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and of public favour, meant a great deal more to a Government than it means now. A war ministry then, which had the country with it, was terribly formidable to political opponents at home. It might have seemed likely that, after the colonists had recourse to arms, journalists and pamphleteers who went counter to the royal policy would soon have a very bad time in England; but exactly the opposite result ensued. During the first fourteen years of George the Third, the ministerial censorship of the Press had been continuous, inquisitorial, and harsh almost to barbarity. The most exalted magistrates had placed themselves at the service of the executive with culpable facility; not for the first time in our history. Roger North, in his picturesque and instructive family biographies, reports how, throughout the civil dissensions of the seventeenth century, the time of the King's Bench was taken up with factious contentions; and he speaks of that Court as a place where more news than law was stirring. The law, as there laid down by Lord Mansfield in 1763, was fraught with grave consequences to all men who gained their livelihood by writing copy, or by setting up type. Informations began to rain like hail upon authors, editors, publishers, and printers. Crushing fines, protracted terms of imprisonment, and the open shame of the pillory, were, for several years to come, the portion of those who criticised the Cabinet in earnest. Their plight would have been hopeless if they had not sometimes found a refuge in the Common Pleas, where the president of the tribunal was Lord Chief Justice Pratt; who subsequently in the House of Peers, as Lord Camden, ably supported Lord Chatham's endeavours to reconcile Great Britain and America. Pratt, acting in the true spirit of the law wherever liberty was at hazard, and audaciously advancing the limits of his own jurisdiction when he otherwise could not rescue a victim, nobly vindicated the ancient reputation of his Court. As time went on, the ministerial majority in the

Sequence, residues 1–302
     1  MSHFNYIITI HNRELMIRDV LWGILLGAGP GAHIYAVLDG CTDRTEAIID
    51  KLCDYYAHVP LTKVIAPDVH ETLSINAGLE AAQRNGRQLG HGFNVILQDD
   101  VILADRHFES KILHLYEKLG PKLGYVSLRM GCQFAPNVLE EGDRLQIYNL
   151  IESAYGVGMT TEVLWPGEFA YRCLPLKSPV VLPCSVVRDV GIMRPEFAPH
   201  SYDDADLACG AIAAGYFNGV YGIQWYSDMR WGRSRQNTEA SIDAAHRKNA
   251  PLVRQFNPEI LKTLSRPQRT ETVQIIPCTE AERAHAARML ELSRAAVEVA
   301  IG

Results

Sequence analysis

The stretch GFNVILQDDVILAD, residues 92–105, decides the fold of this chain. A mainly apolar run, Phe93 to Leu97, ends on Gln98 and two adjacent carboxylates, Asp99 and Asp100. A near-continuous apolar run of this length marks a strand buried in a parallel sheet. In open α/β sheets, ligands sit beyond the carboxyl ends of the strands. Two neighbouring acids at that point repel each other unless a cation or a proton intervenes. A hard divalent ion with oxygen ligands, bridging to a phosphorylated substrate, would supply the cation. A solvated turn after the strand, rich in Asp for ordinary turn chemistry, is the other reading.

1“The parties aggrieved,” (so Lord Campbell writes,) "avoided the Court of King's Bench, and sought redress in the Court of Common Pleas

House of Commons joined in the hunt; and Parliamentary Privilege, which had been devised for the protection of freedom, was perverted, amid scenes of scandalous uproar and irregularity, into an engine of tyranny.

Ministers who had pursued such courses in a time of peace, - when they could not excuse their arbitrary measures by the plea of national danger, or the necessity for preserving an appearance of national unanimity,